Moving Days—Part 1
As the idea of another and I hope very final move begins to take shape, my thoughts are drawn back to the whole notion of ‘moving house’ and the disruption, adventure, excitement and exhaustion that such events create. So far the end point of this move remains unknown but there will be one and I’ll probably be living there by the end of this calendar year.
Some families, mostly those associated with the military or similar transient professions, move every few years. My moves have always come in fits and starts. The first big one I do not recall—that was from Missouri to Arizona in early 1946. Actually I’d already lived in three different homes by then and had moved to and from the Boston area and back to Missouri in those few short months. I was not quite three,about 32 months old, when my parents moved to central Arizona. I do not remember that one. We camped in a motel for a few weeks and then found a rental in Jerome.
By my third birthday we were living in a little house on “Sunshine Hill” in Jerome, an old mining town near the geographical center of Arizona. I am sure the household goods came in a moving van for Dad had driven the little black Ford coupe to get there as I have a few photos to verify. There were still some wooden boxes years later which I am sure had made the journey. That was the first home I remember and we stayed there for about seven years. (OMG—about the same time I have lived in my current home!)
|Where it had been...|
In the late fall of 1953, we moved from there down into the Verde Valley and settled in two little square brick ‘company’ houses in Clarkdale. I have vague recollections of that move but not a lot of specifics. I was ten and of course had to help pack boxes and such but somehow it did not seem too significant. We used the gray Jeep pickup and a couple of trailers Dad had built or redone to haul the household goods. It took quite a few trips. Within a few years the little cottage on the hill in Jerome had been lifted from its foundation and hauled away along with most of the neighborhood. I’m not sure where they ended up. We were in the new house by Thanksgiving and had the job completely done a short while before Christmas. Charlie probably celebrated his second birthday in Clarkdale though I am sure he does not recall!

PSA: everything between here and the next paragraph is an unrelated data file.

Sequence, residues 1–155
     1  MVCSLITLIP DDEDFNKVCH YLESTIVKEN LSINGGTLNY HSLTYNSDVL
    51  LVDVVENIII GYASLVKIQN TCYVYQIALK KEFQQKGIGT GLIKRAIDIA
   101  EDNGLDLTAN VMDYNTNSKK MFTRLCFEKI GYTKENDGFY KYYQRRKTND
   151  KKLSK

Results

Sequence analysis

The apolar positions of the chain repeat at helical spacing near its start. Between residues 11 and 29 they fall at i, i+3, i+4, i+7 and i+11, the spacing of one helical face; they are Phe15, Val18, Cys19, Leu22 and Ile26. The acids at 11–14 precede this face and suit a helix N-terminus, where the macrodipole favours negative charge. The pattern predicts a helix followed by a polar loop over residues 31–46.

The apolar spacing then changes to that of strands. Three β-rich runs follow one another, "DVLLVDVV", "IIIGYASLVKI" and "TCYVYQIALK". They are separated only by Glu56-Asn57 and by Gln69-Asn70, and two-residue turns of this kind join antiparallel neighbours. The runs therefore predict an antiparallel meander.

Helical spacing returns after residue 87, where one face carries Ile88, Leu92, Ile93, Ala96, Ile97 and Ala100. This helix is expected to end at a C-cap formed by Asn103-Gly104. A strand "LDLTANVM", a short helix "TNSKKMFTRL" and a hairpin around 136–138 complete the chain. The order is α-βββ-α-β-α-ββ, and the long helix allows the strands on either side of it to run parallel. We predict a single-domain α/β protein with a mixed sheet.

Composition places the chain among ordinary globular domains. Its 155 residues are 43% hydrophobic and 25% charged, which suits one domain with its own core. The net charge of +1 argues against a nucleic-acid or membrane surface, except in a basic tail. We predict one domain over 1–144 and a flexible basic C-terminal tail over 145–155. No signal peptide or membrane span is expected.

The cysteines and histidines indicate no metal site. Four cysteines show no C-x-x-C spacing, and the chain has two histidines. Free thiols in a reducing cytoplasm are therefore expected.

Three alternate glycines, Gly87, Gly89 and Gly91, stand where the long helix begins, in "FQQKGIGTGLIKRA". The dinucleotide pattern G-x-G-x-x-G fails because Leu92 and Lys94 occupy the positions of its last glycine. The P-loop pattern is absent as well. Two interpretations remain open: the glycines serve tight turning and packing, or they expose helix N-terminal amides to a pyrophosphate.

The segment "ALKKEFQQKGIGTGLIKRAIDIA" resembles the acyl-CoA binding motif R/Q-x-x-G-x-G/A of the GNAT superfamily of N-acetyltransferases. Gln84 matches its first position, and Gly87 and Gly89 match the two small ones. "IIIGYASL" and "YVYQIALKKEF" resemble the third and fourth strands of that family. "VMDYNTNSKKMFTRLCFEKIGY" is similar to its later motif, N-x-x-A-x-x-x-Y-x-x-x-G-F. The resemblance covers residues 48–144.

|Clarkdale Home years later|
That was home for what seemed like a very long time. Years feel so much bigger when you are a tween or teen. I left in early September 1966 to start college at Flagstaff and from then on the family home was really no longer mine. They left, due to some unexpected issues, in the late summer of 1967, bouncing around to several temporary camps and then a time in Sacramento, CA before moving to New Mexico in the early fall of 1968. They lived a number of places from then on, most of which I visited, but never considered home for many reasons.
In Flagstaff, I had several “homes”, five dormitory rooms and then an apartment in a big old house on Agassiz Street, just a block from the Santa Fe mainline tracks. From that time on, I have always enjoyed hearing trains, even at close range. I did not have a car any of the four year period when I got two degrees by going to all but one summer session as well as the regular semesters. I simply carried my plunder between rooms in two of the dorms and enlisted help of friends with cars to move my stuff across campus for the first summer session and then when I left the third dorm for the apartment.